Amazing footage shows NYPD officer risk life to save someone else's as subway approaches
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Featured Image Credit: @nypdpc/Twitter
A New York Police Department (NYPD) officer has been commended for his courage after he jumped on to the subway tracks to save a man.
After spotting that a man had fallen on the tracks, body-cam footage show the officer darting to get to him, wading his way through the crowds and jumping down to rescue him.
The footage shows him lift the man to safety on the platform with the assistance of another officer - just moments before a train arrives at the station.
Watch the body-cam footage here:
The dramatic near miss unfolded on Thanksgiving on Thursday (24 November), at the 6 train station on Lexington and East 116th Street.
The 40-year-old man who fell was taken to hospital, where he was treated for minor injuries, according to CBS.
The officers involved in the daring rescue were praised for their courage.
Sharing the body-cam footage on Twitter, Keechant Sewell, Police Commissioner of the City of New York, wrote: "The heroics of NY's Finest always amazes me.
"For the @NYPD25Pct officers who rescued a man from an oncoming train after he accidentally fell on the subway tracks yesterday in Manhattan — the courage is second nature.
"Join me in saluting these great cops!"
Thanksgiving can be a dangerous day in the US for a number of reasons - with deep fried turkeys posing a house fire risk; the Consumer Product Safety Commission (CPSC) even issued a public service announcement about it.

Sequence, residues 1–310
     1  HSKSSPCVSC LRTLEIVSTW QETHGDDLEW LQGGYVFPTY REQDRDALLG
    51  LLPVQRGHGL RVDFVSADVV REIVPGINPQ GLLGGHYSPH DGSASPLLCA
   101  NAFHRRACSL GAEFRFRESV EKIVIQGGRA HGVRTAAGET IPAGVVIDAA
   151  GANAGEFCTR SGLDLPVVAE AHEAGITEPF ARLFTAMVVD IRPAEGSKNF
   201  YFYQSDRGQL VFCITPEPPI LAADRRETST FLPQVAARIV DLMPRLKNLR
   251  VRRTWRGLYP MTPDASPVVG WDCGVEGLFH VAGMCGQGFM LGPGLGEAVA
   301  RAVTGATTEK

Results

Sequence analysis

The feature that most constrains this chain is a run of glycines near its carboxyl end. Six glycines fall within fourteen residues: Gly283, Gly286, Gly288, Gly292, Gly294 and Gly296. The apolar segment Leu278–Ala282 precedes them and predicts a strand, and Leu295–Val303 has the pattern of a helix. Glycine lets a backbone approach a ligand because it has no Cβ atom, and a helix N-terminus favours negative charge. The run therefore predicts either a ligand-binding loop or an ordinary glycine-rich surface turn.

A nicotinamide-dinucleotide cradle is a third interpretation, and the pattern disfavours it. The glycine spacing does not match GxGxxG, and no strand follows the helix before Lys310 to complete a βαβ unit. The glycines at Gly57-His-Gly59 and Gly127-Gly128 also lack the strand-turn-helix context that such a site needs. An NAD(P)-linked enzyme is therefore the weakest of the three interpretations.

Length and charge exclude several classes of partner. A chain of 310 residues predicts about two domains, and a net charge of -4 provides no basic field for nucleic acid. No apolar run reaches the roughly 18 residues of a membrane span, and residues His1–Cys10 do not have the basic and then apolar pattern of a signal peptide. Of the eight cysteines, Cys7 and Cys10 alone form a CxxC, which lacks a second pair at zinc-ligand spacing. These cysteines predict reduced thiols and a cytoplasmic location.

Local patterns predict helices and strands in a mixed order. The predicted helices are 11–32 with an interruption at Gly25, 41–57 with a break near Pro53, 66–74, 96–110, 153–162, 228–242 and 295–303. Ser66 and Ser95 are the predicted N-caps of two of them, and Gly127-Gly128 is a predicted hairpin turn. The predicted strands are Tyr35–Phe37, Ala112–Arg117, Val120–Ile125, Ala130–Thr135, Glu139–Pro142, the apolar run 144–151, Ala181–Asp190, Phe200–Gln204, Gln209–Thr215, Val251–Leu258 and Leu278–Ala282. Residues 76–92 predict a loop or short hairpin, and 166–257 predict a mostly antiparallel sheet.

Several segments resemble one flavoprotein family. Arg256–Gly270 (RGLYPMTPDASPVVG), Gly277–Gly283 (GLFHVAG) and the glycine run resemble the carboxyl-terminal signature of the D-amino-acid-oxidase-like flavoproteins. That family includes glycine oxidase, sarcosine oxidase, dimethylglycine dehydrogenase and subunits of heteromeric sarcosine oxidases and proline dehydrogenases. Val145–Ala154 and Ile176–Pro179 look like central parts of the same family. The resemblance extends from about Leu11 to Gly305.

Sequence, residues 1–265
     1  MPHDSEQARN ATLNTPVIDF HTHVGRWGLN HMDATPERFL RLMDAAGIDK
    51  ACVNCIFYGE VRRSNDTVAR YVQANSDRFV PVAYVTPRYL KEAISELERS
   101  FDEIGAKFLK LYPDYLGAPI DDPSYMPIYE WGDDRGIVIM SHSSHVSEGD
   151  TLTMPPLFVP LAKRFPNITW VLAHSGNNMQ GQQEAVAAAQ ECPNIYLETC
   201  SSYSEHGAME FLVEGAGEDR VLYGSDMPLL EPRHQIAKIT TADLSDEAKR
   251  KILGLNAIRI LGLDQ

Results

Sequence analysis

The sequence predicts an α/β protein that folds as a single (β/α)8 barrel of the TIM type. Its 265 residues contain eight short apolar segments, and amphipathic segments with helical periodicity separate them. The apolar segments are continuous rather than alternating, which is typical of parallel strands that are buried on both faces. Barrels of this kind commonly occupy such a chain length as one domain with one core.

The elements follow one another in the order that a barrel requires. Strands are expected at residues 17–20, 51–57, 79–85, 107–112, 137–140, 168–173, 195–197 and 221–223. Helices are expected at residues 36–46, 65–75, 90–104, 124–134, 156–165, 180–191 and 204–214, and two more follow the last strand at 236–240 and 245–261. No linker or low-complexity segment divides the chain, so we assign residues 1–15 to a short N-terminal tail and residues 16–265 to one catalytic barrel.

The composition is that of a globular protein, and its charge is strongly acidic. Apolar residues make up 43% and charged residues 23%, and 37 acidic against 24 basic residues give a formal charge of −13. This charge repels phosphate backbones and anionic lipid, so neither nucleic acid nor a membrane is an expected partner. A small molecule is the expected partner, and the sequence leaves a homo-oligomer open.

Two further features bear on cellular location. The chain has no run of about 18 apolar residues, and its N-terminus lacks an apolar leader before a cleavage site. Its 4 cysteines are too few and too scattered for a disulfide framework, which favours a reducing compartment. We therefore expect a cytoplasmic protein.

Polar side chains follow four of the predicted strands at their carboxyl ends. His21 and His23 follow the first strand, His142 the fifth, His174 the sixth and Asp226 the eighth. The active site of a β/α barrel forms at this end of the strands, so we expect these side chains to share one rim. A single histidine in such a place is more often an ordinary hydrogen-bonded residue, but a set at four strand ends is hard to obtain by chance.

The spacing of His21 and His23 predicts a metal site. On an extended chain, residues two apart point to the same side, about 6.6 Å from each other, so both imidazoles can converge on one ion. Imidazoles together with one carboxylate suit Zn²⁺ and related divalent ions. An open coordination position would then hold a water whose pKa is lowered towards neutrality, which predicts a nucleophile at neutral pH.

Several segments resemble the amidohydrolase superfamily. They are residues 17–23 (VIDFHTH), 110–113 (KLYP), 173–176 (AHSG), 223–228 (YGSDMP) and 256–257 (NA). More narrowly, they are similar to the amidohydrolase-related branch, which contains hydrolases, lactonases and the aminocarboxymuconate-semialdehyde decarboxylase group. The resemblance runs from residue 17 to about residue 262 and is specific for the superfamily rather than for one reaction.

In the video - which is inexplicably set to a pumping club banger - turkeys can be seen being lowered into fat fryers, which overflow and cause enormous blazes.
Indeed, on Thanksgiving, the US has more fires caused by home cooking than any other day of the year.
As such, if people insist on deep frying their turkeys, they were urged to only do so away from their homes, and 'never use turkey fryers in the garage or on the porch'.
It's also important to ensure the turkey is thawed and follow the manufacturer instructions for the fryer.
The CPSC said: "Cooking fires remain the #1 cause of residential fires.
"CPSC data show that there are about 360,300 home fires per year, leading to nearly 2,400 deaths and about 10,900 injuries each year. Of these, an estimated 165,600 are cooking fires, leading to an estimated 200 deaths and 3,200 injuries annually.
"An average of 1,600 cooking fires occur on Thanksgiving Day each year, more than three times the average number of daily cooking fires throughout the year.
"Turkey fryers create particular risks. Since 2000, CPSC is aware of 217 fire or scald/burn incidents involving turkey fryers, resulting in 83 injuries and $9.5 million in property loss."